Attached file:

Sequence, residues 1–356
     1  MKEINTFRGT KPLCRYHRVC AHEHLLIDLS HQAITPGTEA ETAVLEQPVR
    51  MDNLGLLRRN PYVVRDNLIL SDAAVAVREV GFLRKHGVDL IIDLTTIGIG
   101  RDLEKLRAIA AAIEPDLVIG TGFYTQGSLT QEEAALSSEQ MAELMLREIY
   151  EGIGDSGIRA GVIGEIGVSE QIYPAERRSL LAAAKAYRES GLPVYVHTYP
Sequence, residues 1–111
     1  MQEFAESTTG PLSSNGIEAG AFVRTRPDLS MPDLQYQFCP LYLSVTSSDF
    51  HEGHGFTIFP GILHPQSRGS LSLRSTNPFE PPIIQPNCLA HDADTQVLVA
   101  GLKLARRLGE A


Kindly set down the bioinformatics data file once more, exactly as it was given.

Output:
Sequence, residues 1–356
     1  MKEINTFRGT KPLCRYHRVC AHEHLLIDLS HQAITPGTEA ETAVLEQPVR
    51  MDNLGLLRRN PYVVRDNLIL SDAAVAVREV GFLRKHGVDL IIDLTTIGIG
   101  RDLEKLRAIA AAIEPDLVIG TGFYTQGSLT QEEAALSSEQ MAELMLREIY
   151  EGIGDSGIRA GVIGEIGVSE QIYPAERRSL LAAAKAYRES GLPVYVHTYP
Sequence, residues 1–111
     1  MQEFAESTTG PLSSNGIEAG AFVRTRPDLS MPDLQYQFCP LYLSVTSSDF
    51  HEGHGFTIFP GILHPQSRGS LSLRSTNPFE PPIIQPNCLA HDADTQVLVA
   101  GLKLARRLGE A